Temporal and spatial (im)mobilities

Tajikistan’s capital Dushanbe, where part of my research takes place, is a rapidly growing and transforming city. Since a decade, high-rise apartment blocks are mushrooming throughout the city replacing old Soviet buildings and quarters with detached houses. In central districts, the wide avenues are lined with glass facades and shiny advertisements promoting new products, styles and fashions. With the rising living standard of the middle classes and the introduction of official yellow taxis, the city’s transport truly tripled filling the roads with passenger cars alongside public means of transportation such as large, motorised buses (avtobus), trolleybuses (trolleibus) and minibuses (marshrutka). Where one lives and how one navigates the city is nowadays a question of social background and prestige. One rarely sees Dushanbe’s affluent residents using public transport, while older adults occupying the lower economic strata mostly take motorised and electric buses that offer reduction cards for pensioners.

Dushanbe’s means of transportation (taxis, minibuses, and in the backgroud bus and trolleybus), picture taken near the Sadbarg shopping mall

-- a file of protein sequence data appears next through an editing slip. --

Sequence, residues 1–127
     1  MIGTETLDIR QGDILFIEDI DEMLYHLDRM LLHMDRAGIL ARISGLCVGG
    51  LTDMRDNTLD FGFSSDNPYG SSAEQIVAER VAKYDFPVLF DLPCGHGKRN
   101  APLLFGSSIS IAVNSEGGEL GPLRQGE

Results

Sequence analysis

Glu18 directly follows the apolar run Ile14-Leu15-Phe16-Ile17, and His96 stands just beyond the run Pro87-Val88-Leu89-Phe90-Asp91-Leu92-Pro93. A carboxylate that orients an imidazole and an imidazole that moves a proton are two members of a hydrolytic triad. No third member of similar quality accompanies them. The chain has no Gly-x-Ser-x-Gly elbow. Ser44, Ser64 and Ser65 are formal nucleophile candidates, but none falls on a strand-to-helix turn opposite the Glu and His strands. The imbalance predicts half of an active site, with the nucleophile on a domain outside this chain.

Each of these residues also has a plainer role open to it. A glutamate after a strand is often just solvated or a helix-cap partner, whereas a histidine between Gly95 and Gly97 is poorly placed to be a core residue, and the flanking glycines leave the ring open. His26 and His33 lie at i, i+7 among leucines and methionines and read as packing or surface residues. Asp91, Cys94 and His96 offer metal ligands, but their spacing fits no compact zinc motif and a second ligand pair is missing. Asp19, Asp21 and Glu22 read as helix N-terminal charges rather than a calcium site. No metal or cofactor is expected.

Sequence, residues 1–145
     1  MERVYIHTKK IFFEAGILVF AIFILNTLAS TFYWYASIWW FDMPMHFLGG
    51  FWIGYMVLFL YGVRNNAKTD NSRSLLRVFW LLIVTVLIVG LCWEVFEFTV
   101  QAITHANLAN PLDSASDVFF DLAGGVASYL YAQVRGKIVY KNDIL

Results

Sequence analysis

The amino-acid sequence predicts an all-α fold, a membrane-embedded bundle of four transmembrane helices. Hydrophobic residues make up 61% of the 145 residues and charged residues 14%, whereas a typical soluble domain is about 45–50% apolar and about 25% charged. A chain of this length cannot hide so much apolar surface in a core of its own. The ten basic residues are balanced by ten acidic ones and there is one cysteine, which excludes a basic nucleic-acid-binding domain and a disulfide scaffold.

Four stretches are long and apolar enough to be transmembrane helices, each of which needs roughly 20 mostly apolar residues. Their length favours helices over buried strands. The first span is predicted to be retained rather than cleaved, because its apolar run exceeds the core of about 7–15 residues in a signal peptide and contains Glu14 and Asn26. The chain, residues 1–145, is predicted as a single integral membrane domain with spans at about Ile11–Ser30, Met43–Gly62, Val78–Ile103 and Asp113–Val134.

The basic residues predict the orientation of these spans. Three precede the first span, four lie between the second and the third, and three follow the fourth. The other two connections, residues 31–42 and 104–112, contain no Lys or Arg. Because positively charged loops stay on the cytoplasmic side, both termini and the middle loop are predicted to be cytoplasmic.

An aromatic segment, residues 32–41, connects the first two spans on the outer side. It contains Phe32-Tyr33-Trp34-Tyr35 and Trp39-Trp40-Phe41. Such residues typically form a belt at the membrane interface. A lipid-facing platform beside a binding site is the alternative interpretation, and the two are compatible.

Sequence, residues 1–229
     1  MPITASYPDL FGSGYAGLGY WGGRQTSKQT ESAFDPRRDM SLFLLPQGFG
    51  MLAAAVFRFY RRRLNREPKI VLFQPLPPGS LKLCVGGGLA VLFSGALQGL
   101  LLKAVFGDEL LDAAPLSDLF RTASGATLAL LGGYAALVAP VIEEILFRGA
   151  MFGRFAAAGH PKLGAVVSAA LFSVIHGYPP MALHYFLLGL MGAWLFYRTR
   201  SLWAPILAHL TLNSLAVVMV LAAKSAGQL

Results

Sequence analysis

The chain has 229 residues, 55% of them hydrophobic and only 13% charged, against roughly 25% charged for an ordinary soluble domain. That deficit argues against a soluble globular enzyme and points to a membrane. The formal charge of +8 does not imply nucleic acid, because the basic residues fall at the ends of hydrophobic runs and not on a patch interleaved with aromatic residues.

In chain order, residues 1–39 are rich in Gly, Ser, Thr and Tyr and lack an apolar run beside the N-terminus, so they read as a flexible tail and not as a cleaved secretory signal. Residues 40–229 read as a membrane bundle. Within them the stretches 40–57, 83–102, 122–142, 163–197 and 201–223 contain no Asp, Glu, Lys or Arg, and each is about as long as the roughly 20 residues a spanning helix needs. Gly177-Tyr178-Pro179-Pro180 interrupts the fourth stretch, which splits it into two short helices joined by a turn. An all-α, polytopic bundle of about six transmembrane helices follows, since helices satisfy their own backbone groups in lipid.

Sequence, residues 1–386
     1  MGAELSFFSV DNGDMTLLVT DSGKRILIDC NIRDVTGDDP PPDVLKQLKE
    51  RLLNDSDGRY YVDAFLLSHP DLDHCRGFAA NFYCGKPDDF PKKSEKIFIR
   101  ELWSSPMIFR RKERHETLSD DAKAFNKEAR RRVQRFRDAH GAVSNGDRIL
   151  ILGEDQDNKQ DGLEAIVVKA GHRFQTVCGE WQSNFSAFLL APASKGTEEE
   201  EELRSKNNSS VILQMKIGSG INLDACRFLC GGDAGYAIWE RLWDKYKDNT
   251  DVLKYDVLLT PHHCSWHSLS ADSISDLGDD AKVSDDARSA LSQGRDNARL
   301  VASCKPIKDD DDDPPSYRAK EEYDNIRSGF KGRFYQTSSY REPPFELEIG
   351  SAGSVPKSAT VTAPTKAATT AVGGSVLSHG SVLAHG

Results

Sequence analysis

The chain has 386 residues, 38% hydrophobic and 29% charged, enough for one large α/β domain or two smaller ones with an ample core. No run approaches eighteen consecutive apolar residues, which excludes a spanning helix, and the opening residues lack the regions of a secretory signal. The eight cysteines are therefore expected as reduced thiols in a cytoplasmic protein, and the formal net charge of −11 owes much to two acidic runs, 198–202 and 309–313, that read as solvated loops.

Video recorded from a minibus driving the Bukhoro Street between the Slavic University and Safina TV office

Gender and (im)mobilities in later life

According to common understanding in Tajikistan, older adults retreat from physical work in later life and ‘age in place’ among family members, who take over most household tasks and care for the seniors. My observations however show that Tajik elders assume many physical activities around the house and not seldomly continue to be employed far beyond their official retirement age to gain some extra income. The work that older adults exercise around the house is highly gendered and reflects the common division of household (care) labour along gender lines. I found senior women cooking for family members that are at work or at school and overseeing grandchildren that do not go to a kindergarten or school. They would also oversee the shopping of groceries and stocking up foods for the winter, while senior men would attend to less strenuous work around the house, in the garden (if there is one) or in the fields (here rather providing aid to their sons). 

In bigger cities like Dushanbe and Kulob, a considerable percentage of inhabitants lives in high-rise apartment blocks that lack the common male activities around the house such as gardening. Here, one commonly sees older men meeting at public parks or in tea houses to play chess and socialize with friends discussing politics and other news.

Senior men playing chess in the park accross the Dushanbe main train station
Older men meeting at the Rohat teahouse in Dushanbe

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